It’s my car but I bought it for Himself (my partner for over a decade) to use on his long drive to work. A sensible choice with excellent gas mileage, it’s a cheap manual Scion nearly a decade old. Most used manuals are cheaper because not many people can drive a stick anymore. Being able to claim the skill of driving a stick shift is an indication for my generation of how poor you were growing up. The rich kids in my school were given new automatic cars and poor kids like myself had to save up for old, rusted stick shift hand me downs. Himself grew up poor as well so he also drives a stick. He’s been through so many cars in the 13 years we’ve been together that I’ve lost count. He cannot seem to stick with just one before becoming bored. I on the other hand have owned only this Scion and my beloved FJ Cruiser for the last 15 years. She was Voodoo blue, my FJ, and the only vehicle I ever bought brand new. I sold her last fall because her veracious appetite for premium gas did not fit into an unemployed 40 something college student's budget. The smart thing would have been to sell the Scion and FJ then buy the little use 2020 Kia Forte outright but Himself was once again between vehicles having sold his truck last spring for gambling money. His gambling addiction has ended but he still doesn’t own a car. So instead, I’ve somehow ended up driving the commuter and he has the Kia. That’s how I met my new spider friend.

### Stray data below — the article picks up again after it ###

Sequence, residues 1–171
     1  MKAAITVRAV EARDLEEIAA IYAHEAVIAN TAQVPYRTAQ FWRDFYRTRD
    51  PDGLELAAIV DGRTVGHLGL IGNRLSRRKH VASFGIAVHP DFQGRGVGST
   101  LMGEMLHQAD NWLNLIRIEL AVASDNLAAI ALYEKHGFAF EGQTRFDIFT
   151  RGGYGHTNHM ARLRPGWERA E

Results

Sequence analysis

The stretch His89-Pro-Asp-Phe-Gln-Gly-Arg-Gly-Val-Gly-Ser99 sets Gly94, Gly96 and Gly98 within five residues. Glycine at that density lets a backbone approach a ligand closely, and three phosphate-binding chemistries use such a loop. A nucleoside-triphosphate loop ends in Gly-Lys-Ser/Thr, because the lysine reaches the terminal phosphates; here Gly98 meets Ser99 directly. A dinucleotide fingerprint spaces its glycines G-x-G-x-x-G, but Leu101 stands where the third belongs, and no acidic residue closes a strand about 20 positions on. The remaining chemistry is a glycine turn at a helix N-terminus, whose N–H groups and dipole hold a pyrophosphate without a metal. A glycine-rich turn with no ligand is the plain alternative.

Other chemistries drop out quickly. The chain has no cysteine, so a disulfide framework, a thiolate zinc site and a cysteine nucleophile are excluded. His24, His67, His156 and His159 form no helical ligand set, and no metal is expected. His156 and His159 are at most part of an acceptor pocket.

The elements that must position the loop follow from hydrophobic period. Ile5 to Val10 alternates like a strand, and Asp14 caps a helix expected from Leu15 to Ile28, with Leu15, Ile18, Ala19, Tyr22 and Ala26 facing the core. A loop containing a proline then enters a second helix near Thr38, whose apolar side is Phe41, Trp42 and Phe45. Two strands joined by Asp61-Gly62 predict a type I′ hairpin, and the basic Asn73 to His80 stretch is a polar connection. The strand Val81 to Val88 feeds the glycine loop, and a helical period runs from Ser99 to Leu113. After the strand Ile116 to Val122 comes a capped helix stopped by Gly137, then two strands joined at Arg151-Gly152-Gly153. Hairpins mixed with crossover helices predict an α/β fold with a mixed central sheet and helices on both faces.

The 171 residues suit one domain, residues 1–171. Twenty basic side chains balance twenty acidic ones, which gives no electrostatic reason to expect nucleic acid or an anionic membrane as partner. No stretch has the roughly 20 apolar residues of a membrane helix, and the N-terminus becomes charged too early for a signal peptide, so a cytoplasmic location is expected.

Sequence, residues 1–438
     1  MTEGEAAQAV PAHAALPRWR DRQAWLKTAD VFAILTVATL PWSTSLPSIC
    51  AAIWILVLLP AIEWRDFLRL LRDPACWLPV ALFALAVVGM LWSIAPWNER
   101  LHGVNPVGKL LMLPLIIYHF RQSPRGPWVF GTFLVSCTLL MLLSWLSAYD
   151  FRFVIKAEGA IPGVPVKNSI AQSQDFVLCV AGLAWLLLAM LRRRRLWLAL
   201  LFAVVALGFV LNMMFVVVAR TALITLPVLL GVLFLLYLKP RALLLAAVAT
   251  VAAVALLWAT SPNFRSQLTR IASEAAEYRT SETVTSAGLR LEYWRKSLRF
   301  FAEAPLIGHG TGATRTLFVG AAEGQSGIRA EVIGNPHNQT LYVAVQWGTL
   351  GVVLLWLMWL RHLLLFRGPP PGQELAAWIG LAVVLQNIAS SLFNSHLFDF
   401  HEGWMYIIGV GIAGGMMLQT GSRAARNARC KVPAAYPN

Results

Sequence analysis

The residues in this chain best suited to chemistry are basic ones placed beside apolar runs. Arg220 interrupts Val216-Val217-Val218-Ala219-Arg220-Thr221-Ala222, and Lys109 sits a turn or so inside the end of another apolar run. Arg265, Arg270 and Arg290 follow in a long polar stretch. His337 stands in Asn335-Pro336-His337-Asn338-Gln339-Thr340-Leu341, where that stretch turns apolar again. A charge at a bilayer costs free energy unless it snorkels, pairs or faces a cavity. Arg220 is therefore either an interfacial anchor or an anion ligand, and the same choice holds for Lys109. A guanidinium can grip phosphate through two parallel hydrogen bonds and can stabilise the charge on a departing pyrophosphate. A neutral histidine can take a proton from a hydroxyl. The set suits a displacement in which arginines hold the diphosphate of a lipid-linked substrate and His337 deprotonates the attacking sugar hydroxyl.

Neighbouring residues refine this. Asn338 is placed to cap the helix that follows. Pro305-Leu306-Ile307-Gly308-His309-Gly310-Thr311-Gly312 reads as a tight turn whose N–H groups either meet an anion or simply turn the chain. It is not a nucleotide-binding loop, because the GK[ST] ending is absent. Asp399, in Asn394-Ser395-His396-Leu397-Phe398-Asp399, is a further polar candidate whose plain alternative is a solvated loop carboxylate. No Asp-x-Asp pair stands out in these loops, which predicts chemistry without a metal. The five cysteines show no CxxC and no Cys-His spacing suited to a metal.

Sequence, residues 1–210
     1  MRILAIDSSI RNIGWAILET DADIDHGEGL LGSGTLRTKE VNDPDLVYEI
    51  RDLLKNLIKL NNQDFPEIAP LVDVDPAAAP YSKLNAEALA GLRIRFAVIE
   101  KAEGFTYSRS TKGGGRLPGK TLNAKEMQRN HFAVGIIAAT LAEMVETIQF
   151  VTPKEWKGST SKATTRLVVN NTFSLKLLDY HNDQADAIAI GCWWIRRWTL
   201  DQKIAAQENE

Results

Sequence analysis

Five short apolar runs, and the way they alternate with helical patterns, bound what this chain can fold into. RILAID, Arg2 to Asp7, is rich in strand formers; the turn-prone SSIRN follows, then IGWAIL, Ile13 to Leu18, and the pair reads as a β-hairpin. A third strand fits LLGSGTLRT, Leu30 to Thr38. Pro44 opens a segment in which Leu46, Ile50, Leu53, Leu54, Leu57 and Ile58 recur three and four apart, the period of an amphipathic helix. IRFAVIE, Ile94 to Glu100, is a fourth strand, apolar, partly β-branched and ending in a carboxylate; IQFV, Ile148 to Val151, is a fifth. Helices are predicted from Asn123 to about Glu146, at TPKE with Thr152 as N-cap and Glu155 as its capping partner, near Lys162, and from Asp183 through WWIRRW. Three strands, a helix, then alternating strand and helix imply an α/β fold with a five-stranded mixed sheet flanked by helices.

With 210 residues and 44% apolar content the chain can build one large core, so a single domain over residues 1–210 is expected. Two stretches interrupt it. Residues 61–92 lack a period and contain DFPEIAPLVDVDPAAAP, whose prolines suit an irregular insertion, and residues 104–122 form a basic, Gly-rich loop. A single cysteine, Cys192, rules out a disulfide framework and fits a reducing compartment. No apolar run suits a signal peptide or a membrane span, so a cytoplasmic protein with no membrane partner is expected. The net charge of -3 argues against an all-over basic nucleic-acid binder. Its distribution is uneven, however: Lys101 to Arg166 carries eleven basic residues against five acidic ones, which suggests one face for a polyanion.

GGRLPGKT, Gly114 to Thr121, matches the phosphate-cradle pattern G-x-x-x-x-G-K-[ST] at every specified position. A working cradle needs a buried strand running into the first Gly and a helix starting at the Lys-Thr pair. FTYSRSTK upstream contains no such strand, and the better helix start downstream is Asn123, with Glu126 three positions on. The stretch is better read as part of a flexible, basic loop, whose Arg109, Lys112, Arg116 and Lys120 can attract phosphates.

My mother never seemed to care much about my education, religious or otherwise. She was always there in the beginning encouraging me to think for myself and pulling a book out to read to me until one day I was reading to myself. Later in life I will discover that not everyone’s parents read the Ugly Duckling to them and wonder if that is a reflection on me or my mother? Did she know that I was different and wanted to prepare me or is it an example of poor parenting where the other kids are concerned? What about Aesop's Fables? Did they not have that read to them during the years of learning before school began? That was my version of the Bible. It all made perfect sense whereas the Bible was filled with strange stories and twisted interpretations. A sense of control, power and greed always permeated the book. But once school took me, she faded away or perhaps it was because my baby sister was born shortly after. Her job of building a simple human foundation was complete with me so she focused on my sister. I discovered other parents sat at the table to do homework with their children and wondered what was wrong with those kids that they needed help from their parents. So odd. Maybe this is why she didn’t care if I learned about other religions? Because her work was done? She’d fed me, burped me, taught me to read, and encouraged me to problem solve on my own. Then she dropped her child off at school each day and made sure I had a home with food for my belly. No questions about school, about how I was doing in class. Just a quick glance at a report card twice a year and nothing else.